Latin America & Caribbean

Breakdown in Panama Canal expansion row talks

A ship leaves the Pedro Miguel locks on its route to Gatun lake in the Panama Canal near an area under construction as a part of its expansion project in Panama on 4 February, 2014 Image copyright AP
Image caption The Panama Canal is one of the world's most important shipping routes

A Spanish-led consortium expanding the Panama Canal says negotiations with the Panama Canal Authority (ACP) aimed at ending a row over cost overruns of $1.6bn (£1bn) have broken down.

Consortium GUPC said the Panama Canal Authority had broken off the talks.

GUPC said the expansion and the jobs of up to 10,000 workers could be at risk.

The consortium had threatened to halt work unless the ACP footed the bill for the overrun, which the Authority argues should be paid by GUPC.

'Respect the contract'

"Without an immediate solution, we face years of disputes in national and international tribunals," Sacyr, the Spanish company leading the consortium said in a statement.

Image copyright Reuters
Image caption Construction work on the expansion started in 2009 and is due to be finished in June 2015

It also said that it continued "to seek a solution for funding the completion of the project and completion of the works in 2015, even as the Panama Canal Authority broke off negotiations".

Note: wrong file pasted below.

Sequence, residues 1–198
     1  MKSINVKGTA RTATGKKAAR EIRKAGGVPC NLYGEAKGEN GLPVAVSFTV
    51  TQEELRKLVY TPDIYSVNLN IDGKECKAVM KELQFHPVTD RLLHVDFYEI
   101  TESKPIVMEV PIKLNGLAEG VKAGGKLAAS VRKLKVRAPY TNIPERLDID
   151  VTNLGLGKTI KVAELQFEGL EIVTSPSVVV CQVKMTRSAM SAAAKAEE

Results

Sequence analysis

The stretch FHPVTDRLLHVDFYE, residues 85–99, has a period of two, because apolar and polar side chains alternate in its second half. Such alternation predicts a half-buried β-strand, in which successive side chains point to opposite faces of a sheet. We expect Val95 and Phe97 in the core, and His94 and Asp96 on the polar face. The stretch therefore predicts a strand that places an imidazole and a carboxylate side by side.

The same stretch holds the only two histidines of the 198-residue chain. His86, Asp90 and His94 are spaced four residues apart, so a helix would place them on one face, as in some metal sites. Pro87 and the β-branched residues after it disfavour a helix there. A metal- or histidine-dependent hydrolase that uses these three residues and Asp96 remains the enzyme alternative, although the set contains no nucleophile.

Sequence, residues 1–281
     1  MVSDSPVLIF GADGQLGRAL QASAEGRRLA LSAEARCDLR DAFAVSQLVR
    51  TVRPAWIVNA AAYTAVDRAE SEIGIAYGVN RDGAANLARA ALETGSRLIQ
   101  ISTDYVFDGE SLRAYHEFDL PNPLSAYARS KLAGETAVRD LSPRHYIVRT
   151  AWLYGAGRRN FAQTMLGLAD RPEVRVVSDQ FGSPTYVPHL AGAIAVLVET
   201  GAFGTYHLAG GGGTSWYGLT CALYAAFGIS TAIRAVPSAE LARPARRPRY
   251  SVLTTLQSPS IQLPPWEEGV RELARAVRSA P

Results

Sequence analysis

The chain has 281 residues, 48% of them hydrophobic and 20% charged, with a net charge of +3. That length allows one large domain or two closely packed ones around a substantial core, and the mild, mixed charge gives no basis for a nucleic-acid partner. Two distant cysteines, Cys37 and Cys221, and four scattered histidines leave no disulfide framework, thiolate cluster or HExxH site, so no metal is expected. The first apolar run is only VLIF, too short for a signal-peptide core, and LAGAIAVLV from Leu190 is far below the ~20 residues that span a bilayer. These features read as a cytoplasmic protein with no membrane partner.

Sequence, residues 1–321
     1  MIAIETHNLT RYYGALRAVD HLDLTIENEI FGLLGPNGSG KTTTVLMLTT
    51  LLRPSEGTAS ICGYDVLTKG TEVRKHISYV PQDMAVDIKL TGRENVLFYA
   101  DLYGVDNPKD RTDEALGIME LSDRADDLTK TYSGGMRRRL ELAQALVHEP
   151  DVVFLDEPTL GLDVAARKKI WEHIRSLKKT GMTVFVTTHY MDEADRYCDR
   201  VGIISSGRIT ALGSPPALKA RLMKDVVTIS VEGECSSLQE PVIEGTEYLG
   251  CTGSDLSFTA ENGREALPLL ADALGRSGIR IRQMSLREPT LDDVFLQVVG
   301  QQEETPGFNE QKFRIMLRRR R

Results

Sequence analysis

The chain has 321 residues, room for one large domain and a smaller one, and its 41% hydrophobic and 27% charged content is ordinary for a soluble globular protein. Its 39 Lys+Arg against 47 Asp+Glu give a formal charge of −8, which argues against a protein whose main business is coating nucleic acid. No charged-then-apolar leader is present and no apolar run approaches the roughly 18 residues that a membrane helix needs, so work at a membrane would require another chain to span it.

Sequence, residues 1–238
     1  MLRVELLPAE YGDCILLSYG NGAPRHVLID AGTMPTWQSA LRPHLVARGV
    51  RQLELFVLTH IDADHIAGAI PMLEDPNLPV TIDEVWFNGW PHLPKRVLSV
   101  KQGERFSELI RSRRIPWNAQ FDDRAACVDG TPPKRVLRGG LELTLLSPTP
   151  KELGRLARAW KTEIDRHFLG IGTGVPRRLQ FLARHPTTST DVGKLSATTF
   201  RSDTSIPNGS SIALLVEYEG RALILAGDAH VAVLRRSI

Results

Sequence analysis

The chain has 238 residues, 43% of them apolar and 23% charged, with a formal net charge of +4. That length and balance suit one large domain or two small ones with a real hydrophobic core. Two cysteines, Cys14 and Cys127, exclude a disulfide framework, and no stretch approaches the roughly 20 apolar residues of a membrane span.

There has so far been no official statement from the Panama Canal Authority, but canal administrator Jorge Quijano has in the past said that "no matter what kind of pressure is exercised against the ACP, we maintain our demand that GUPC respect the contract that they agreed to and signed".

Panama argues that the cost overruns are due to events that should be "normal" in such a construction project and be paid for by the consortium, which is made up of Sacyr, Impregilo of Italy, Belgian firm Jan De Nul and Constructora Urbana, a Panamanian firm.

Delays

The contract involves building a new larger set of locks that can accommodate ships that can carry 12,000 containers.

At the moment the biggest ships that can navigate the canal carry 5,000 containers.

Work began on the expansion in 2009.

Construction is due to be completed in June 2015, nine months behind schedule, with the overall cost of the project expected to be $5.2bn.

Any delay might be expected to cost Panama millions of dollars in lost revenue from toll charges.

The Panama Canal, which was inaugurated in 1914, is one of the world's most important shipping routes.

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